From November 2022
You’ve just spent $170 on an omakase chef’s-counter tasting dinner at Tatsu Dallas. For nearly two hours, a master chef has turned premium seafood—flown in from Japan, Mexico, Spain, and Alaska—into exceptionally made sushi. Now your friends are asking you to describe the experience. They’re curious about the hardest-to-get reservation in town, the tiny 10-seat restaurant that has people planning their visits weeks in advance.
And when you’re asked about the experience, you keep thinking about a bite of rice topped with nothing but wiry green onion shoots.
You know you can’t start the story with that bite, or people will be asking why you paid $170 to eat veggie shoots. They want to hear about the fatty tuna belly or the sliced tataki topped with dainty shiso flowers or the over-the-top richness of Hokkaido uni. But that little bite of shoots says a lot about the Tatsu experience.
For one thing, it’s not about the green onions; it’s about the rice. As you roll the rice across your tongue, the shoots’ oniony sharpness cuts through. But the rice is still the star, a mixture of two grains and three kinds of vinegar, served perfectly soft and just a little warm. At this point in the menu, you’ve been overwhelmed by wonderful tuna, kampachi, and other ultra-fresh fish. And now you’re being blown away by rice, necessary to the sushi experience but often overlooked.
Nothing at Tatsuya Sekiguchi’s small sushi bar in the Continental Gin Building fails to receive the chef’s full attention.
Each night, customers arrive for two seatings at fixed times (5:30 or 7:45), settling into a cocktail lounge for a few minutes’ relaxation before the meal begins. Dinner runs about two hours and can include up to 20 courses; the count varies. (The second seating can be a little late if the first guests haven’t left.) At the end, if you’re somehow not already full, you’re invited to order extra a la carte items.
Much could be said about the Tatsu experience: the theatricality of Sekiguchi’s preparation of dinner, the sheer joy of watching him precisely cut and trim each piece of fish, the high quality of all of his seafood. Customers tend to shiver with excitement when he pulls out an exciting new ingredient, like vivid-orange Alaskan salmon roe.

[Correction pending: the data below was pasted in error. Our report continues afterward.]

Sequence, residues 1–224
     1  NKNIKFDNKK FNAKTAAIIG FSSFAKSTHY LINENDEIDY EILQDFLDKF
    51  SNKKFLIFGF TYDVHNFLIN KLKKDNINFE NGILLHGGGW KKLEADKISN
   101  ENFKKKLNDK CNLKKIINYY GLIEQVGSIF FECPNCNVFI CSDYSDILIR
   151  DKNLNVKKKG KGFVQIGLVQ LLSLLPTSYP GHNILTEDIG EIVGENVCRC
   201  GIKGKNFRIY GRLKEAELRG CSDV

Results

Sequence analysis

But not all of Sekiguchi’s moves are big and flashy. The smaller gestures will be noticed by only the most attentive customers. Big move: putting sawara (Spanish mackerel) in a box and piping smoke inside, so that curlicues of smoke tease out of the edges, before prying open the lid to unleash a full cloud. Small: slicing shima aji into five paper-thin, see-through slivers per guest and then layering all five across one ball of rice. Big: pulling out an iPad to show us a video clip from the time he was on the Showtime series Billions. Small: soy-marinating slices of tuna so that with seemingly no other manipulation the fish becomes melt-in-your-mouth tender.
Dallas has been fortunate to enjoy good sushi for some years now, in part because our airport connections make it easy for restaurants to fly in some of the world’s best seafood. Tatsu stands out, often, for the finer details of its experience. The restaurant pickles its own ginger and does so with a gentle hand, so the ingredient retains more crunch and sharpness. I watched one customer eat three full helpings.
I know what you’re thinking. You didn’t come here to read about baby green onion shoots, tea, omelets, or mineral water.
The miso soup, made with red miso, might be the most deeply flavored, comforting cup I’ve ever had. A wedge of omelet made with egg, shrimp, and yam makes a remarkable dessert almost like an egg tart, and the roasted green tea served at the end of the night is as different from regular green tea as a high-end dark chocolate bar is from Hershey’s Kisses.